Strategists are constantly faced with choices and trade-offs that need to be made if you’re going to stick to the plan. Remember, true value is created when you make a choice, and don’t try to dabble in multiple things at once. You need a clear and manageable goal. Choices require decisions, often relating to where you will be channelling your resources. A trade-off is not doing something. What will you do and not do? This must align with what you’ve already theorised. It doesn’t serve you or the business to follow too many paths and options.
Which markets will you pursue vigorously and which will you leave alone? Which customers will you target, and which won’t you? Which products will you produce to enact your theory? Which activities will you engage in inside your organisation, what will you outsource and what won’t you do at all? Who will you hire? Who won’t you hire? And which assets will you choose to own?
Everything is a choice and a trade-off. Take Ikea, a retail brand that’s enjoyed 70 years of successful growth. Why? Because of fundamental and particular choices relating to product designs and style. Ikea isn’t everything to everyone — it has a very specific value proposition and delivers on it relentlessly.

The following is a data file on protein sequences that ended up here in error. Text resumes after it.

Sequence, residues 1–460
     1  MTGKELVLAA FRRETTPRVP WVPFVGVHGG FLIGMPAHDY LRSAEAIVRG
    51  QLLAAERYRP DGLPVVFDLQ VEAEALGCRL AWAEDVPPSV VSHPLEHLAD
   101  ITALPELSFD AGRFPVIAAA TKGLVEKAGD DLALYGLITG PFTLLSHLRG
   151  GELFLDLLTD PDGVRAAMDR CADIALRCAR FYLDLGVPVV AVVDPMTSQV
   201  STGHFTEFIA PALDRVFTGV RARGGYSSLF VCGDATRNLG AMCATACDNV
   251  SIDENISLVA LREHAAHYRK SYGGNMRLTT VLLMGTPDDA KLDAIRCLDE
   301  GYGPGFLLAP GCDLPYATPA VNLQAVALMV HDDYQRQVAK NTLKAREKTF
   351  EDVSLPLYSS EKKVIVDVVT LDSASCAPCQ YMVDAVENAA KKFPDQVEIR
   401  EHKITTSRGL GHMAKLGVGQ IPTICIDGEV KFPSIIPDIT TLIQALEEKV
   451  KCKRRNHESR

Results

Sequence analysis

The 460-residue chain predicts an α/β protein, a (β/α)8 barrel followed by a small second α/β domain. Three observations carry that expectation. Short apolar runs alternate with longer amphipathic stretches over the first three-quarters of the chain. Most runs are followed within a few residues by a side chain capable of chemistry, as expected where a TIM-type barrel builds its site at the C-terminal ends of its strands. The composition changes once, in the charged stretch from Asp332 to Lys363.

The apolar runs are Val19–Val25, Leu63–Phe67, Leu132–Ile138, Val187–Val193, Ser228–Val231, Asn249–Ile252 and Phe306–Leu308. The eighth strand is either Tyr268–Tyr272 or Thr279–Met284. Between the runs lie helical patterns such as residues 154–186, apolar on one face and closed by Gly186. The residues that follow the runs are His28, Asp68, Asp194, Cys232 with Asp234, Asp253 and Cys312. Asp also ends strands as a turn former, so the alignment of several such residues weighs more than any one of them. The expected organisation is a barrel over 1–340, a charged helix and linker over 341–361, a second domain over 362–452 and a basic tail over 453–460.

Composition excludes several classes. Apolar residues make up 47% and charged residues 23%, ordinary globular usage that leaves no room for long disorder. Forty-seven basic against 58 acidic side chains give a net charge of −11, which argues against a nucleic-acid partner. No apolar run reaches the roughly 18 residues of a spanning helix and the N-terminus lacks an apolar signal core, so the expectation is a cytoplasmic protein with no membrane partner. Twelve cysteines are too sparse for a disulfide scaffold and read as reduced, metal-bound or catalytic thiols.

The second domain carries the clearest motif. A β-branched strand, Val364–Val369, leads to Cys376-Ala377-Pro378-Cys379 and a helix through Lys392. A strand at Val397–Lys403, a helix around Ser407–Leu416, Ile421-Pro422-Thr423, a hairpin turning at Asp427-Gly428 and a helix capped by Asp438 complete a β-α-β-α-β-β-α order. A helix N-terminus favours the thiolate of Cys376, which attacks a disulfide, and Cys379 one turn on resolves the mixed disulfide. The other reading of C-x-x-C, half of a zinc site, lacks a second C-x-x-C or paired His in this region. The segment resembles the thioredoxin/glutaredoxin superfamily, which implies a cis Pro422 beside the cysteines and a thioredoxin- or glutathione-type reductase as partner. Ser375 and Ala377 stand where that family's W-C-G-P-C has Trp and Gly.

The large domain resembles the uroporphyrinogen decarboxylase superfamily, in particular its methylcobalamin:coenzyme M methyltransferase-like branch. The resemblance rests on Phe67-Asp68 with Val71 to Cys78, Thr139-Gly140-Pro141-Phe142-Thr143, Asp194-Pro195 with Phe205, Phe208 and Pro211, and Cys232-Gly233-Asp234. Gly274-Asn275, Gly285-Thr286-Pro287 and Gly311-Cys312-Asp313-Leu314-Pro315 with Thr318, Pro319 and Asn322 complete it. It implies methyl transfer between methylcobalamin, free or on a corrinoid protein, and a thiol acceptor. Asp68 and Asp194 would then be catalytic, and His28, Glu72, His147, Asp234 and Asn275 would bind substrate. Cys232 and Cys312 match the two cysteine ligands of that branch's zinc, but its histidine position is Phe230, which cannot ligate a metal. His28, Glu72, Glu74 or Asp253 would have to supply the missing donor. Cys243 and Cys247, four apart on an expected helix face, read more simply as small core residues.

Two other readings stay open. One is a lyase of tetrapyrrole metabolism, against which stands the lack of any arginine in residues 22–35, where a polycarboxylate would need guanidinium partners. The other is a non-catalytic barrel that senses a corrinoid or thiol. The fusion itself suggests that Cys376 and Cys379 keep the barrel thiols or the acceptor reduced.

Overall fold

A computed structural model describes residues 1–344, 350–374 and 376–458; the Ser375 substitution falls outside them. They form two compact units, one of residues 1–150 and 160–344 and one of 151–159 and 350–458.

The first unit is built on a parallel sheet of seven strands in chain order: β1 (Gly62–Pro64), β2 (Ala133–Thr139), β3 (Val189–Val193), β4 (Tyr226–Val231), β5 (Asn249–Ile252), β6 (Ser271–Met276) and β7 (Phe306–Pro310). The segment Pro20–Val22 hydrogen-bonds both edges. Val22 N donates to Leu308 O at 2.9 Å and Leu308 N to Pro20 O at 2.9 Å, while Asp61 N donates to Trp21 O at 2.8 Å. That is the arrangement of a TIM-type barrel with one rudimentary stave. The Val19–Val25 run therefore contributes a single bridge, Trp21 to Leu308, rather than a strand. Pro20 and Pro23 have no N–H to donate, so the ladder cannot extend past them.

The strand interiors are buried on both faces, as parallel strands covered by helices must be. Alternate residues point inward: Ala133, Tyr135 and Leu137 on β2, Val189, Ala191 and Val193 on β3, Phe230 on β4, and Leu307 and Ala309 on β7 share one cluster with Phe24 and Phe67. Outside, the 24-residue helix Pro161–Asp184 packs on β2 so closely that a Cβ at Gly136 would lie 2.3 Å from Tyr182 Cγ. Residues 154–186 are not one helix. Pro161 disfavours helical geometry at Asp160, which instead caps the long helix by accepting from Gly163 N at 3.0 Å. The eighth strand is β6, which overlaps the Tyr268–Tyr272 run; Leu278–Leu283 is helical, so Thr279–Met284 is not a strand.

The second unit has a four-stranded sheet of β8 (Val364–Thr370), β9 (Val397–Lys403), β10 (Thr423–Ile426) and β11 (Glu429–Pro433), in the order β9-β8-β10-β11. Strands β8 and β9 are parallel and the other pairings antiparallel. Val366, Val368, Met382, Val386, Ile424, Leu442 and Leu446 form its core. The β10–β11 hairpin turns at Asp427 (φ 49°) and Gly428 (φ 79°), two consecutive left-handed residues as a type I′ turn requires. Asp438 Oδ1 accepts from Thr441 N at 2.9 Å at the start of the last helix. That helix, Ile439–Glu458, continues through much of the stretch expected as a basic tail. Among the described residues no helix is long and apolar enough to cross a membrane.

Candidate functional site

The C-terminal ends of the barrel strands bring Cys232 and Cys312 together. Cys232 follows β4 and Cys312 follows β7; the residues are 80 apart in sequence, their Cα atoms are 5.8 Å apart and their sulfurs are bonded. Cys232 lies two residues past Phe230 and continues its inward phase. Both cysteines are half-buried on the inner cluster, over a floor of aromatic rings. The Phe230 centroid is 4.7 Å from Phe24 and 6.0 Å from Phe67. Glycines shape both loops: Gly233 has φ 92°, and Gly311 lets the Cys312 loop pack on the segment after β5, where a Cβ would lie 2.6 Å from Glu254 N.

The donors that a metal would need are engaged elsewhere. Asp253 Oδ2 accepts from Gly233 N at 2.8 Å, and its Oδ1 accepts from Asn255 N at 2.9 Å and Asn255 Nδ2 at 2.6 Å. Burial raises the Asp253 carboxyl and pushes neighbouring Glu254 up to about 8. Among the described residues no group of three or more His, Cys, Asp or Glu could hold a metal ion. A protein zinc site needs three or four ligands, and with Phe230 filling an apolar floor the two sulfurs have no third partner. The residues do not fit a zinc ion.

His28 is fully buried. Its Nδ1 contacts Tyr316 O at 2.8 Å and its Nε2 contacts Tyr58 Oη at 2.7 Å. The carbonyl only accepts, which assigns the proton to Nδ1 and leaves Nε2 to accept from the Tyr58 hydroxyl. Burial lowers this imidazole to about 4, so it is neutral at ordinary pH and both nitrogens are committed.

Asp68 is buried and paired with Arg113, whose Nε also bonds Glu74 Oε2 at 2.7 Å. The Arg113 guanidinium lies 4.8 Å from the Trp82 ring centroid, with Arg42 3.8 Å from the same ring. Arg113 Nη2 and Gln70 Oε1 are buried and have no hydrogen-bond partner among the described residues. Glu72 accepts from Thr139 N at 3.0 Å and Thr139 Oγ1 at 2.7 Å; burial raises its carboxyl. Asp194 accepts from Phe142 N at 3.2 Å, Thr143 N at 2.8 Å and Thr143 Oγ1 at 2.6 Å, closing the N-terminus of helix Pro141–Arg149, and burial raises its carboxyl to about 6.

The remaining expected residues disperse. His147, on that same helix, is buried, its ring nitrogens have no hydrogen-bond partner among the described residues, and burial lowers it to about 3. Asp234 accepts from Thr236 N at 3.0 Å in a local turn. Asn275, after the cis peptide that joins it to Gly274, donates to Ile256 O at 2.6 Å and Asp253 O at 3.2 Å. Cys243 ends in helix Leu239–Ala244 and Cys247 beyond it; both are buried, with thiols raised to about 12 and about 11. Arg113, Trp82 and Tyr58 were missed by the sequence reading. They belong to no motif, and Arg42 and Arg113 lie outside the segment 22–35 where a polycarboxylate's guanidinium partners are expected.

This is fundamental. Even if you’re the low-cost provider in your space, you still need to be doing something different to drive those costs down; you still need to be differentiating yourself and the way you operate. The world is more competitive than it’s ever been, and buyers have more access to information and options than they’ve ever had. To be competitive, you need to really interrogate your differentiators.
The strategy conversation tends to happen early, the profit conversation happens late. You need to bring them together. When you’re having a strategy conversation, you need to understand how it will drive bottom line growth. The role of strategy is to bridge what customers are willing to pay for a product or service, and what it will cost you to deliver it. The strategies you adopt are determined by theories, choices, differentiation and costs.
The formula is the following: Profit = the number of products you sell x price of product — expenses.